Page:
The Equal Justice Initiative is a nonprofit organization that provides legal representation to those who have been wrongfully convicted of a crime or unfairly sentenced. They also help people who have been abused within the prison system, fight against the death penalty and excessive punishment and help to acclimate people who were formerly incarcerated.
“We really want our community to continue to educate themselves and have their own opinions about where the money raised should be going,” Turnbaugh said. “Once you put passion behind a decision, I think that the motivation triples.”
Step Into Justice has received support from all over the country. College students from Dartmouth College, Harvard University, Drake University, Arizona State University and many more students from the west coast have all signed up to participate in the virtual run.
The group of founders is already looking for ways to continue this fundraiser into the future. They hope to start a movement with the hashtag #StepIntoJune, where every June they revive fundraising and select four new causes to be donate to. This year, they are monitoring the fundraiser as a trial run to see how feasible their long term goals are.
“We all have goals that we all want to reach for the moon with,” Turnbaugh said. “I have no doubt in my mind that I will be doing this every year. Our group of founders even shook on it.”
One fear the founders of this fundraiser said they had was losing momentum. They said people tend to care about problems while they are current, but eventually, the media stops covering the movement and things begin to die down.
“Not this time. The goal for this experience is that it becomes your new identity, this is who you are as a person now,” Carpenter said. “You have to continue to educate yourself, continue to try and understand although you never will. The goal is to keep that foot on the gas.”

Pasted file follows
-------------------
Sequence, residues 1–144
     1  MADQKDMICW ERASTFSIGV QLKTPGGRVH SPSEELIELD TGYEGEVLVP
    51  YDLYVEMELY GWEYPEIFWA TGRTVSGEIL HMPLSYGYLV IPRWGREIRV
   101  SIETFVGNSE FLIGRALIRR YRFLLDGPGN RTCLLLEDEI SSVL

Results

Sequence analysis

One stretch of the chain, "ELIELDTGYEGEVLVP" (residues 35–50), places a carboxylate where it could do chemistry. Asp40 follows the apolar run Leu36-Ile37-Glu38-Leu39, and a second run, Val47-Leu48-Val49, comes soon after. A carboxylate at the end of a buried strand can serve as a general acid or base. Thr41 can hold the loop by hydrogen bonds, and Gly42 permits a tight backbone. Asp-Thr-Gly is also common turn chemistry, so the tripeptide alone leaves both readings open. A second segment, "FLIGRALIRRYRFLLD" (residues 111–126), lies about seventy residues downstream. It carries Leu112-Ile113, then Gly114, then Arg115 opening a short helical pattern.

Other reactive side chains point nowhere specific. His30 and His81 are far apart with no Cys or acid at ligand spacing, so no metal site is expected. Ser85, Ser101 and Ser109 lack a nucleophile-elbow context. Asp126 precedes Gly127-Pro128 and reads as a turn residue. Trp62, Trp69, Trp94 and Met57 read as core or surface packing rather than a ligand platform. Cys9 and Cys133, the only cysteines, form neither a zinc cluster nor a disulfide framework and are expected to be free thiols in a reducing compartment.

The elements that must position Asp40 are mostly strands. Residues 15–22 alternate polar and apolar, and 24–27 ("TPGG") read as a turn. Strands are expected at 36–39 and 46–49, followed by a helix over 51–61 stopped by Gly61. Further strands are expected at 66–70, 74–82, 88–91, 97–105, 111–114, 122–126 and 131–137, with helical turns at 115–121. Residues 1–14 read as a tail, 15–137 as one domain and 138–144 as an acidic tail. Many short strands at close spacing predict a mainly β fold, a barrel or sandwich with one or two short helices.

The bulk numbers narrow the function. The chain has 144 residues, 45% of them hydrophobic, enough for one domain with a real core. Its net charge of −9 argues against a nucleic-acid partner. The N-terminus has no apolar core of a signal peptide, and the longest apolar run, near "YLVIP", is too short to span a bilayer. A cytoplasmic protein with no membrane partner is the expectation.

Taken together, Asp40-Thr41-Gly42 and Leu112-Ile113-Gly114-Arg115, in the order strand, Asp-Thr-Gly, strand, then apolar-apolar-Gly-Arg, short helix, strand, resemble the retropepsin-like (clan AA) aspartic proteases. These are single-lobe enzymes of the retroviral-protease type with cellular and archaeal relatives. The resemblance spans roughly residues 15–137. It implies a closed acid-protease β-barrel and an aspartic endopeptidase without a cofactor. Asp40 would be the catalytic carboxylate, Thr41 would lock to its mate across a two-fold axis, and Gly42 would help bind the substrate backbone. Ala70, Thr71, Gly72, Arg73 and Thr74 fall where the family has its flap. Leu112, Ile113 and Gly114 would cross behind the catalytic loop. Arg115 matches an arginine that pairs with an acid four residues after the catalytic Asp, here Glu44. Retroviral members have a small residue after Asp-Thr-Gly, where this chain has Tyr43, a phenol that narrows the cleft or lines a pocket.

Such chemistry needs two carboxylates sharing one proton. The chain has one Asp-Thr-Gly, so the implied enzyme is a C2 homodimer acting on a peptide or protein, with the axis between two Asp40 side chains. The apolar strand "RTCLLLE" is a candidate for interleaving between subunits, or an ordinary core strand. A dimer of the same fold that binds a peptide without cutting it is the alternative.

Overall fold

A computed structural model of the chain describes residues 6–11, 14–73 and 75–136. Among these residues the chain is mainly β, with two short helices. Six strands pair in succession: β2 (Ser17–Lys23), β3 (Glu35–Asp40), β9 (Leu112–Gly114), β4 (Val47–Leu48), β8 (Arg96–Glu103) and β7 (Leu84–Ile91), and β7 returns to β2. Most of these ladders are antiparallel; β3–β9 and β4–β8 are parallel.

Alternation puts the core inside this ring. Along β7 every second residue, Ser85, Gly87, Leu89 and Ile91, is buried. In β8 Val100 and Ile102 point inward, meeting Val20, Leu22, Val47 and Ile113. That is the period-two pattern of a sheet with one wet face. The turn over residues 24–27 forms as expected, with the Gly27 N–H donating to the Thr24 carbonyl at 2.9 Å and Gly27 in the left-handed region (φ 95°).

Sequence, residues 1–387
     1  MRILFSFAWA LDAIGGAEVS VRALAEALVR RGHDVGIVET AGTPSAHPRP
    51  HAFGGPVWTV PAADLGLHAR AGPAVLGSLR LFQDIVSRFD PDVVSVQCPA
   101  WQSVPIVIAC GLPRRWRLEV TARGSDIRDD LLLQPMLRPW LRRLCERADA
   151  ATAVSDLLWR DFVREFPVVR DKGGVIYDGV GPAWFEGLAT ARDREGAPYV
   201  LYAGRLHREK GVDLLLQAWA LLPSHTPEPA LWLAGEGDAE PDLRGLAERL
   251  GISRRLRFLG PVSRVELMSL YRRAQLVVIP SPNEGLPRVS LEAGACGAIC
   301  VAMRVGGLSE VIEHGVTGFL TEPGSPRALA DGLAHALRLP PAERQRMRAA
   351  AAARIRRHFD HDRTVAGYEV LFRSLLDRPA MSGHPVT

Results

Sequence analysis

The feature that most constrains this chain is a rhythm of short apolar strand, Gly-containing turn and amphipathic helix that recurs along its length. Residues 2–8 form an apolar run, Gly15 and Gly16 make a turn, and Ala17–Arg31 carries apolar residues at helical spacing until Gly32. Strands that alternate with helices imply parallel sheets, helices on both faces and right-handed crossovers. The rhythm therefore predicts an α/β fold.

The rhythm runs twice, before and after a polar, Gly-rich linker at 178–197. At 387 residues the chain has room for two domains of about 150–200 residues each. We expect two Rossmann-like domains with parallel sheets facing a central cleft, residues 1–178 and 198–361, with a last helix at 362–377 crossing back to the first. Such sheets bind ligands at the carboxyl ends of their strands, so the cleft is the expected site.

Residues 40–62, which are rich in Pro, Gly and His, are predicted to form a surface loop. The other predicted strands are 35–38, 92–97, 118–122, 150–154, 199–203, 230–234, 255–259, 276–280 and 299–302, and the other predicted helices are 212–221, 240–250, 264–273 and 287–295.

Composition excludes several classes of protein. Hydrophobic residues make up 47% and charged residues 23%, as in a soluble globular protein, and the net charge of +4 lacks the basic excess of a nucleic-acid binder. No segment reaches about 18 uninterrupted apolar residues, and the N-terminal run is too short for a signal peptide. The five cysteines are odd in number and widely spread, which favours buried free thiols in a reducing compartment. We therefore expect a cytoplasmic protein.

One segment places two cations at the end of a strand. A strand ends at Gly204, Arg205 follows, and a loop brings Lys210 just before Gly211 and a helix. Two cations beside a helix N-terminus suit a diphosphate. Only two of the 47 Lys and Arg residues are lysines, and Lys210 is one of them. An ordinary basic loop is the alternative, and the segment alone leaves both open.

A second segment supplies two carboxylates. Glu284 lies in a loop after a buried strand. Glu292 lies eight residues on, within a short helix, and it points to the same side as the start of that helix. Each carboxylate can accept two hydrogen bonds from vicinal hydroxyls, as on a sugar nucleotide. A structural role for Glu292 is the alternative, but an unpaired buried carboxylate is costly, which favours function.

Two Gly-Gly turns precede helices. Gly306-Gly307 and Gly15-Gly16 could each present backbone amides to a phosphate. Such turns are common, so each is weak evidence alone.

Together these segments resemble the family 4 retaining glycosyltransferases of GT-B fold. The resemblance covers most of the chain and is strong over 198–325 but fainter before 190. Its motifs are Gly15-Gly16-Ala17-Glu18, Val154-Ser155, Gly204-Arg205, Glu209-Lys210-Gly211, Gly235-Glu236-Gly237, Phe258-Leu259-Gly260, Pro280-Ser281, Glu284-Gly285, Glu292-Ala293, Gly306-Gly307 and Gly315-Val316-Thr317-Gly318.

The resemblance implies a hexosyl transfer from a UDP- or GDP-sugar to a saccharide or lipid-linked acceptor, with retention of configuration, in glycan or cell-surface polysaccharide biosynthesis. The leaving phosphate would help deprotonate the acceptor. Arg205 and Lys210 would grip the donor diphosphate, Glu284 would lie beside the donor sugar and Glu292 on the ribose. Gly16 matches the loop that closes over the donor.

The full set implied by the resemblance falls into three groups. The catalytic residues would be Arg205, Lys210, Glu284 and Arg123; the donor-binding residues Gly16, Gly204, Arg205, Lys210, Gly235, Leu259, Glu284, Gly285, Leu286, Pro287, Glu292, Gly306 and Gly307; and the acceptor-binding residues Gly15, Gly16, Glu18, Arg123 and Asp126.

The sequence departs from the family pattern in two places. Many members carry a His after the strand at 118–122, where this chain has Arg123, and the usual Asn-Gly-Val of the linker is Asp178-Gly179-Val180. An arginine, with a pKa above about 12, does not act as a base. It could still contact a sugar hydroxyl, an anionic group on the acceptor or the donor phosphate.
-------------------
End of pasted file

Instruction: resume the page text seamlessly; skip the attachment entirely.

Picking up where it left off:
Another aspect of this movement Carpenter and Turnbaugh wanted to bring attention to is the aspect of white saviorism.
White saviorism is when a white person provides some form of help to a non-white person, but their intentions are self-serving. This is often seen in mission trips and voluntourism.
Step Into Justice is very clear about where their motivations lie. They have said they are not here to save the Black community. Instead, they want to fuel them, to stand with them and amplify their voices. Step Into Justice wants to build a platform for Black voices.
“You aren’t an angel for speaking up, you are just a decent human being,” Turnbaugh said. “You don’t deserve a thank you, this is what you should be doing.”
At the end of the day, Carpenter and Turnbaugh just hope to educate the people around them. They understand times are tough right now because of the pandemic and the idea of being a fully committed activist is difficult. As long as people continue to educate themselves and share what they have learned, these two founders said they will be happy.
“It doesn’t matter how big your platform is, your voice can still make a difference,” Carpenter said. “There is no excuse to not speak up because it will make a difference, even if it is in one person’s life or hundreds of people’s lives, it will make a difference.”